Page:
Wachs said the eight members of the Humanists of Florida Association who brought buckets of water to the roadway on Saturday did so in jest.

“They understand that a year later, there’s no oil left on the roadway. It’s just a symbolic gesture to show that we can poke a little bit of fun at the Polk Under Prayer gesture. We’re not going to tolerate their bigotry,” Wachs said.

Last week, Polk Under Prayer campaign members buried bricks that were engraved with Psalm 37:9-11 beside the 12 major roadways leading into the county, praying for criminals to become Christian or be incarcerated, according to WFTV.

Scott Wilder, a spokesman for the Polk County Sheriff’s Office, said this claim was so ridiculous he’d rather not comment.

Copyright 2012 ABC News Radio


Christian Network Implicated in Parental Kidnapping

George Doyle/Thinkstock(ALEXANDRIA, Va.) -- An Amish Mennonite pastor charged with helping a woman kidnap her daughter from her lesbian partner may have had help from a network of groups with roots in the Christian and missionary world including Jerry Falwell's Liberty University, according to court documents.

The pastor, Timothy Miller, was arrested last week in Alexandria, Virginia.  A criminal complaint filed by the FBI in a federal court in Vermont alleges that the Amish Mennonite pastor aided in the "international parental kidnapping" of Isabella Miller Jenkins, the daughter of former lesbian couple Lisa Miller and Janet Jenkins.  Isabella is now nine.

Timothy Miller, who is no relation to Lisa Miller, appeared in court Monday and posted a $25,000 bond, and is now in the custody of a friend.

Court documents claim that Timothy Miller, 34, left a computer trail that shows family members as well as friends and associates were discussing Lisa Miller's flight to Nicaragua on emails both before and after she disappeared nearly two years ago.

The trail shows that Rev. Miller's mother-in-law's credit card was used to purchase plane tickets for the missing mother and daughter who flew from Toronto to Mexico to El Salvador and then to Managua, Nicaragua.  Timothy Miller and his wife, Joanna, have served as missionaries in Nicaragua, according to court documents.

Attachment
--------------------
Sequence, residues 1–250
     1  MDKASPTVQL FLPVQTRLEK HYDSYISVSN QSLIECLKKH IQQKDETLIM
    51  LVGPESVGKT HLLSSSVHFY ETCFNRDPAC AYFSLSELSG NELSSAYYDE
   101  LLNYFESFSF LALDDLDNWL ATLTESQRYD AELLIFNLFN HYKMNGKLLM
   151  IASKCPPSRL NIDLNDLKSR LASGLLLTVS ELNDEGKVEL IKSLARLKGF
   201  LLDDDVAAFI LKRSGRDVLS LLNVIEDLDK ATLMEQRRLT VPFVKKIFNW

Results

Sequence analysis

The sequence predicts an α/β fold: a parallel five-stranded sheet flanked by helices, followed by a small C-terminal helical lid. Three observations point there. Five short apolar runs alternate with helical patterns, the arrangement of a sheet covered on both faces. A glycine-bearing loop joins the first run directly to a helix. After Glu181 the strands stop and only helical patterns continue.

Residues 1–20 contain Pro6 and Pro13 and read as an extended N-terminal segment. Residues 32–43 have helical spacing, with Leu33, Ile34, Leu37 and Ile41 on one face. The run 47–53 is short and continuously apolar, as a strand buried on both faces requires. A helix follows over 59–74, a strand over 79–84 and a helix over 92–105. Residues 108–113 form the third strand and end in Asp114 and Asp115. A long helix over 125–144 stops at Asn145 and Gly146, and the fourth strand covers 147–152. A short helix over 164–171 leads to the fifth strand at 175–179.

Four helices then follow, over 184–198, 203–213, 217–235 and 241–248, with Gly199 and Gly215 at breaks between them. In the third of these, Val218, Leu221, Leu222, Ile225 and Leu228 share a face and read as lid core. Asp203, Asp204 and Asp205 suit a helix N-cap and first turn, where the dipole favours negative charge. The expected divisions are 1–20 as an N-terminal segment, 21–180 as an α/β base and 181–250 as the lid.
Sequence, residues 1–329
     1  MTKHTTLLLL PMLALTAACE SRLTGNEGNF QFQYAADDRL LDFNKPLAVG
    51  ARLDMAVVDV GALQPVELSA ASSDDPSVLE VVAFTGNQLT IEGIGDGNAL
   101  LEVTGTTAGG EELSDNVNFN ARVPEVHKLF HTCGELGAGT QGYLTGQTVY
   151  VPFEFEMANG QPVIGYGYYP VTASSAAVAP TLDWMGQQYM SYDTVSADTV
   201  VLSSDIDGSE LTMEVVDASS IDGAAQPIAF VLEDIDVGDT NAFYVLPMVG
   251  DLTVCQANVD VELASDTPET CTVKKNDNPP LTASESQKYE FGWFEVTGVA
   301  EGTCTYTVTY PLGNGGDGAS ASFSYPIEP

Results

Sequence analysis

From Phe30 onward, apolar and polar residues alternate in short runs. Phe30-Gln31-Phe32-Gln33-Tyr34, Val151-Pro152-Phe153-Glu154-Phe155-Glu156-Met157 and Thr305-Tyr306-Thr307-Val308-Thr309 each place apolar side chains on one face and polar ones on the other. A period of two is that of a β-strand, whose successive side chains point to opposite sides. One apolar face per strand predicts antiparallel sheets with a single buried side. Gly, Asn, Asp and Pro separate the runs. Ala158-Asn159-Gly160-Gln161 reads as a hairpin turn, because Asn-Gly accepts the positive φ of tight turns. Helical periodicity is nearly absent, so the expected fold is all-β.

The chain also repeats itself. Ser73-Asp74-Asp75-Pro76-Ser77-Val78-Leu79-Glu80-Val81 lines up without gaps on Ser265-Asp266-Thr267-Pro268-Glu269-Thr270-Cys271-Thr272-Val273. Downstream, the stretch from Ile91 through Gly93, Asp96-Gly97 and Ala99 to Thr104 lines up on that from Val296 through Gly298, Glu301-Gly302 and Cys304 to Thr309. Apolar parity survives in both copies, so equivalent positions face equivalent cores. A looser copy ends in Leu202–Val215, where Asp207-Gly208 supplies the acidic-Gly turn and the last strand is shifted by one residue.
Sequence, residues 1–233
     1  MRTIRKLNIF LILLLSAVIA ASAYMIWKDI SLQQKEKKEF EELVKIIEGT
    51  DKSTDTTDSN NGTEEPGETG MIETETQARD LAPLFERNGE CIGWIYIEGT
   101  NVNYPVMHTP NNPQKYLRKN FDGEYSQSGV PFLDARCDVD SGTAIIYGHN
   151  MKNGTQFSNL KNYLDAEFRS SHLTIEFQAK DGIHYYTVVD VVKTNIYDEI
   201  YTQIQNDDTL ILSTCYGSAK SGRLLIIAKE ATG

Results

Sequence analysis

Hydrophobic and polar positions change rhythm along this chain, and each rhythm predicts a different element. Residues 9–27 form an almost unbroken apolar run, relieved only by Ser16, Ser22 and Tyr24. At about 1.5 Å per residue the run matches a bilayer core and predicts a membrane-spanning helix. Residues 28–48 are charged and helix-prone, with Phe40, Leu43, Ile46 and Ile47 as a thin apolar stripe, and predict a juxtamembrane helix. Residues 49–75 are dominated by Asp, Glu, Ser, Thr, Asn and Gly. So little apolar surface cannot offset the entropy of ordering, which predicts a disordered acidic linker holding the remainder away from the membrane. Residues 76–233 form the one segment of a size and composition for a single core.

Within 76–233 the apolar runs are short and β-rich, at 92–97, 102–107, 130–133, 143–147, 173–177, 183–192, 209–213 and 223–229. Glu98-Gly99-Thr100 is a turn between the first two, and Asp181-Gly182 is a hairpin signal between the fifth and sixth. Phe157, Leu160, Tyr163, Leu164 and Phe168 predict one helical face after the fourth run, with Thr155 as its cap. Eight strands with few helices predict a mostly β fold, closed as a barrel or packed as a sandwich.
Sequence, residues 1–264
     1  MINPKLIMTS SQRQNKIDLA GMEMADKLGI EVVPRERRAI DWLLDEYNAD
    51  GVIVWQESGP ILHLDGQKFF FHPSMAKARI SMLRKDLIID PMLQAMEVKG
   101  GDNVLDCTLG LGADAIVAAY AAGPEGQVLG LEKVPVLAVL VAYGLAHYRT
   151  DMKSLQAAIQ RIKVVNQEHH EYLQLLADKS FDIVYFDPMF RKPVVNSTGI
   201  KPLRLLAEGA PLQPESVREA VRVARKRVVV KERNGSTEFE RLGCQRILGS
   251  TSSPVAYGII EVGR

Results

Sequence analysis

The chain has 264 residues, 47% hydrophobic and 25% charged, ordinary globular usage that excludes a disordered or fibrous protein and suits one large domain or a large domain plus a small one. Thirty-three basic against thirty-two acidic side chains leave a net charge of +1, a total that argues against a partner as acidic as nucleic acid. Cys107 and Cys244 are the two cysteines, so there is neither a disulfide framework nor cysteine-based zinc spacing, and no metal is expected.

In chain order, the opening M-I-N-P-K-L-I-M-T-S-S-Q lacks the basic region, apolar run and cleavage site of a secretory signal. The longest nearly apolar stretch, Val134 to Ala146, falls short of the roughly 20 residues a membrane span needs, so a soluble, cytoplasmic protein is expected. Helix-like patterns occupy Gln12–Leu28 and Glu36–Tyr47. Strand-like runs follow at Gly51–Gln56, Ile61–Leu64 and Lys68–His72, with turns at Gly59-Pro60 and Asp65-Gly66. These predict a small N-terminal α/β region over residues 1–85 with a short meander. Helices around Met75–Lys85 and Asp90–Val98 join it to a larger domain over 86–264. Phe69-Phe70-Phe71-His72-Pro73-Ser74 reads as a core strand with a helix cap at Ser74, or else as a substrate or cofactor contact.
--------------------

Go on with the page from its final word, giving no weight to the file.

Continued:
Timothy Miller's parents wrote so freely about Lisa Miller's intention to flee with the child that Timothy Miller told his parents to stop writing about and discussing her, according to emails gathered by the FBI.

Lisa Miller and Janet Jenkins were once in a civil union and Lisa Miller gave birth to Isabella in 2002.  The couple lived mostly in Virginia, but they obtained a civil union in Vermont.  Lisa Miller filed to dissolve their civil union in 2004.  Since then, Lisa Miller has renounced her homosexuality and become a Christian.  The two women were embroiled in a custody dispute when Lisa Miller and Isabella disappeared in 2009.

Lisa Miller and Isabella were given new names, according to court documents, with Lisa becoming "Sarah" and Isabella becoming "Lydia," court papers state.

Timothy Miller appeared to work in conjunction with several groups.  The plane tickets were purchased through Golden Rule Travel, a group focusing on "international adoption, humanitarian and missionary travel," according to court documents.

Bank records cited in the court documents state that Lisa Miller "received multiple payroll checks from the Lynchburg Christian Academy Payroll Account."  Lynchburg Christian Academy, renamed Liberty Christian Academy, is linked to Liberty University and was also founded by Jerry Falwell.

During the legal fight, Lisa Miller was represented by Rena Lindevaldsen, an associate law professor at the Liberty Center for Law and Policy, which is headquartered at Liberty University in Lynchburg, Virginia.

In addition, Philip Zodhiates, the owner of a company specializing in source lists for Christian telemarketers and retailers, has a home in Nicaragua, according to court documents.  Investigators allege that Lisa Miller and Isabella are staying at the home.

Copyright 2011 ABC News Radio

ABC News Radio